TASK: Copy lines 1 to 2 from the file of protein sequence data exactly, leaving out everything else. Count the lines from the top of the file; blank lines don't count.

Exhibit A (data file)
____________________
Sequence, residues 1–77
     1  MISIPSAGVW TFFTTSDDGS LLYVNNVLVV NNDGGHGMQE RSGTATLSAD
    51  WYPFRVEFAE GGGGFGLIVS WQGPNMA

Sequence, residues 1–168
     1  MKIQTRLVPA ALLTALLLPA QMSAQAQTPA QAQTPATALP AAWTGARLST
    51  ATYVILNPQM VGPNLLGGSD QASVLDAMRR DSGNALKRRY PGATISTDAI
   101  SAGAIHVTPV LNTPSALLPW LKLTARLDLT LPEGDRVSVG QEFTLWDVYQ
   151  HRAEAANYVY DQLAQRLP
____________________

Sequence, residues 1–77
     1  MISIPSAGVW TFFTTSDDGS LLYVNNVLVV NNDGGHGMQE RSGTATLSAD